Commercialization and clusters will dominate Paul Martin’s S&T agenda

Guest Contributor
August 8, 2003


By Vincent Wright

If Paul Martin is truly a shoe-in to become the next Prime Minister, as most political pundits predict, then it appears quite reasonable to expect that S&T will gain even greater weight on the federal policy agenda. In his campaign to succeed Jean Chrétien — both inside and out of Cabinet — Martin has been busy enunciating priorities on at least four key, inter-related S&T fronts: the twin themes of technology commercialization and cluster development, coupled with possible new directions for human capital and environmental innovations.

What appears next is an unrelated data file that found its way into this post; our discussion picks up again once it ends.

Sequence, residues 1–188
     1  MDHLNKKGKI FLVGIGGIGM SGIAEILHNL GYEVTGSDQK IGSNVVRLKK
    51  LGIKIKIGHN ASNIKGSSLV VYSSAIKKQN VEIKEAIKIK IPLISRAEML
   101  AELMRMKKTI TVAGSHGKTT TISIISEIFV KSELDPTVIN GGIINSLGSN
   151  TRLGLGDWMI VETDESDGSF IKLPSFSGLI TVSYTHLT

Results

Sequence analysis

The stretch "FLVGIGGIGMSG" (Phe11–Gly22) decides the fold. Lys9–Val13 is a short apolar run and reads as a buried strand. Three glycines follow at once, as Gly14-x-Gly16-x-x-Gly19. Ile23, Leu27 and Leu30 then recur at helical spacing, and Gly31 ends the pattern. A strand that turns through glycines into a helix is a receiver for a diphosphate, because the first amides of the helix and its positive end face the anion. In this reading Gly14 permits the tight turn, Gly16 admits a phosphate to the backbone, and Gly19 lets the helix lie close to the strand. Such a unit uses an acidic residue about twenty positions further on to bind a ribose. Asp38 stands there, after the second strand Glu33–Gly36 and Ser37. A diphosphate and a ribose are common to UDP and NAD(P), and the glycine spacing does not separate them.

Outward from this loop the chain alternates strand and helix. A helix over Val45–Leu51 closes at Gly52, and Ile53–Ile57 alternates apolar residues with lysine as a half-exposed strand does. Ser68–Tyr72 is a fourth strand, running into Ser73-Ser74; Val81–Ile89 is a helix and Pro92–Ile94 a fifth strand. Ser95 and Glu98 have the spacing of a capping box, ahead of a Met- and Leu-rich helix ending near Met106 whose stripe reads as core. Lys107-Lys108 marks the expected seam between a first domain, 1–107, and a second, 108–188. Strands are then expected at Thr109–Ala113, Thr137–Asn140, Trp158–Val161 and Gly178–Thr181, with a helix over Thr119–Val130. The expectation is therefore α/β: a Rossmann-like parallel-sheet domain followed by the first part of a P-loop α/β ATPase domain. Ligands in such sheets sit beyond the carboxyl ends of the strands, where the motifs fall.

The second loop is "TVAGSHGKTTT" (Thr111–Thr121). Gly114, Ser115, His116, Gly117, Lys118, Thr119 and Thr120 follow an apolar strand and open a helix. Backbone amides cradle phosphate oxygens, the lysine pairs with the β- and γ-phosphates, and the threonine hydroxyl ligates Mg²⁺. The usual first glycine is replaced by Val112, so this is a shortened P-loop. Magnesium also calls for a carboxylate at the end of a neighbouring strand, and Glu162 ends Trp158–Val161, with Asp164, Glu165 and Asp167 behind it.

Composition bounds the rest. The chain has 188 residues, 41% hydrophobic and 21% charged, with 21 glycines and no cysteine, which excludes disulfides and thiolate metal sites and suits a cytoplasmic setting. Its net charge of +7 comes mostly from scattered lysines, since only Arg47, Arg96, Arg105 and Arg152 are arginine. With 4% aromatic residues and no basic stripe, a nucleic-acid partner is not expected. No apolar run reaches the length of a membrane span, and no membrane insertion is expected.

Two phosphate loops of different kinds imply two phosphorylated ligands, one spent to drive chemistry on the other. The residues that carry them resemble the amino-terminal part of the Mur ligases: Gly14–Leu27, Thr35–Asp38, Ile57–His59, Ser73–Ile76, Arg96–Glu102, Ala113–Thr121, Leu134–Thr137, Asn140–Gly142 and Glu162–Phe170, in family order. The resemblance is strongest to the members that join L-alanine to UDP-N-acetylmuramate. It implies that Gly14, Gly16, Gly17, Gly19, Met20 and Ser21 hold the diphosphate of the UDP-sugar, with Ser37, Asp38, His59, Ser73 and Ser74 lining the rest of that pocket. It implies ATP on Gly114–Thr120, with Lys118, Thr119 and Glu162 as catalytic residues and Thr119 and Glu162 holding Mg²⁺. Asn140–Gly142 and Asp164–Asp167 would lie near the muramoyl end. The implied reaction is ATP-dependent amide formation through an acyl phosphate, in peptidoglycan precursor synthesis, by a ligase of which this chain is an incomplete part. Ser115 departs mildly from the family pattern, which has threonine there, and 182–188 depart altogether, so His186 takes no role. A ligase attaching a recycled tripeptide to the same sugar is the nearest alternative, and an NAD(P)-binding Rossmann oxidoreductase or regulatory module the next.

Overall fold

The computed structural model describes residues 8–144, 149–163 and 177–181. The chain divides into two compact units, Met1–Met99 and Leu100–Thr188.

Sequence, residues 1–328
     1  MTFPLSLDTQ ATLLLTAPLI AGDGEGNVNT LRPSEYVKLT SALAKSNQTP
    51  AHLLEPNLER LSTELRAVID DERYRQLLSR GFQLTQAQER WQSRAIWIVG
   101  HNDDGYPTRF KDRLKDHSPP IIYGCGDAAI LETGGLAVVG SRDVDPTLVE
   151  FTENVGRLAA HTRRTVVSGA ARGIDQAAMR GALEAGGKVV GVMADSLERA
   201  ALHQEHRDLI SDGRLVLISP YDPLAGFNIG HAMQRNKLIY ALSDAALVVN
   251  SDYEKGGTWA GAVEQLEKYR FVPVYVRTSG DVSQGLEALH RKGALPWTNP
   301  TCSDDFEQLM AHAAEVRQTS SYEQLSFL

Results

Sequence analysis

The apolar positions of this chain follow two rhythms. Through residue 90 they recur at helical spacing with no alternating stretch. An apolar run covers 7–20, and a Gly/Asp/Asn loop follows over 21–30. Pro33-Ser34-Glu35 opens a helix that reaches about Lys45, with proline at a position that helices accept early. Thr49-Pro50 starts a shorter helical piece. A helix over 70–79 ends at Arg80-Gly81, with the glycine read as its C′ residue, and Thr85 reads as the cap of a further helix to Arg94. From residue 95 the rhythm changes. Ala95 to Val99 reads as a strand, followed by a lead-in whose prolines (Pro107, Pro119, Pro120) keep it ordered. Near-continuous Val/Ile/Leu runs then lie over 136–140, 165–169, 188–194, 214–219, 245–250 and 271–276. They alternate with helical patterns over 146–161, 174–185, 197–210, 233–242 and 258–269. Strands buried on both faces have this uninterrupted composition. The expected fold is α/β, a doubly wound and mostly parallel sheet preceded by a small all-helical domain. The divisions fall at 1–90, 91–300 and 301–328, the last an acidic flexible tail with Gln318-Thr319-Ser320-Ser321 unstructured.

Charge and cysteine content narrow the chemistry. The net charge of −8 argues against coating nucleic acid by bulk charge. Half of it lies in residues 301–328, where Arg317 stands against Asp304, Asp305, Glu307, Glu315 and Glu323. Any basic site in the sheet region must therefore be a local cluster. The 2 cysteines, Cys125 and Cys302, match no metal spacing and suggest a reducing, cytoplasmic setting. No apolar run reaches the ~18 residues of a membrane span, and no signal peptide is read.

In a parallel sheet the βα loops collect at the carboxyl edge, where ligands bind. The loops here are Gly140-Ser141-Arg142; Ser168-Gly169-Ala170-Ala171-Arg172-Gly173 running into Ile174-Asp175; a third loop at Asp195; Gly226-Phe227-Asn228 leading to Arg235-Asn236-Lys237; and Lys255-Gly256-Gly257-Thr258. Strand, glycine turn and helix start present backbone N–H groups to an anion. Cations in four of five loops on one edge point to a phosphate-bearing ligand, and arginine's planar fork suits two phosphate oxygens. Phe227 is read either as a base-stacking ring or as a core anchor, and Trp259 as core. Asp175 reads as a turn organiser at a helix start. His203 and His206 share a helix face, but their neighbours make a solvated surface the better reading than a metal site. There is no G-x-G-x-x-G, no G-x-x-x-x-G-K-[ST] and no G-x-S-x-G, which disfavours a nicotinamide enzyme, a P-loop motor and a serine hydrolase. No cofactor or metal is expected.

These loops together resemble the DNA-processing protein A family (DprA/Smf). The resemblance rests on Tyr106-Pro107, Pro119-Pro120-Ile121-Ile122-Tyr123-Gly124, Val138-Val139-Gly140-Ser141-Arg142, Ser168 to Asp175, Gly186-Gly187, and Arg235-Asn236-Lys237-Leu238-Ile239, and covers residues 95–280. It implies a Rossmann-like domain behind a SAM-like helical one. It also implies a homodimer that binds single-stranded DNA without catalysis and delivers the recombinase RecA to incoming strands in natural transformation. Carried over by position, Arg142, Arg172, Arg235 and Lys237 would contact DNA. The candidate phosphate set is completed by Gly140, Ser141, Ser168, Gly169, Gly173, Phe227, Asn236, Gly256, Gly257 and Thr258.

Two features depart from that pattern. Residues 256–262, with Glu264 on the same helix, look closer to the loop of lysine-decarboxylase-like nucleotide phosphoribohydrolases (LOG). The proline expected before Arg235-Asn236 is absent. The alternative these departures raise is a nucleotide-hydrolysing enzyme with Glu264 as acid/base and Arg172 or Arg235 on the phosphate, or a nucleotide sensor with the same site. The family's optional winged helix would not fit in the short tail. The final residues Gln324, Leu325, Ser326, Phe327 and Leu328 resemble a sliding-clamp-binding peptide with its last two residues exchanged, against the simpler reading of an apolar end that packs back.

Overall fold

Throughout the summer, RE$EARCH MONEY interviewed policy observers, insiders and members of the Martin camp to determine how Canada’s S&T policy may evolve under a Martin-led government, and what current initiatives will be maintained, cut or modified. A review of Martin’s decisions while Finance minister, and an examination of subsequent public comments, strongly suggest that Canada’s commitment to S&T will continue under new leadership, although some priorities will likely shift.

Martin is already credited as being the chief architect of the current government’s innovation policies, and a long-standing champion of the Canadian R&D community. While highly respected as the Finance minister who repaired Ottawa’s fragile fiscal condition, Martin was also widely regarded by many federal S&T policy experts as the de facto Minister of Science — at least in the powerful inner Cabinet circle.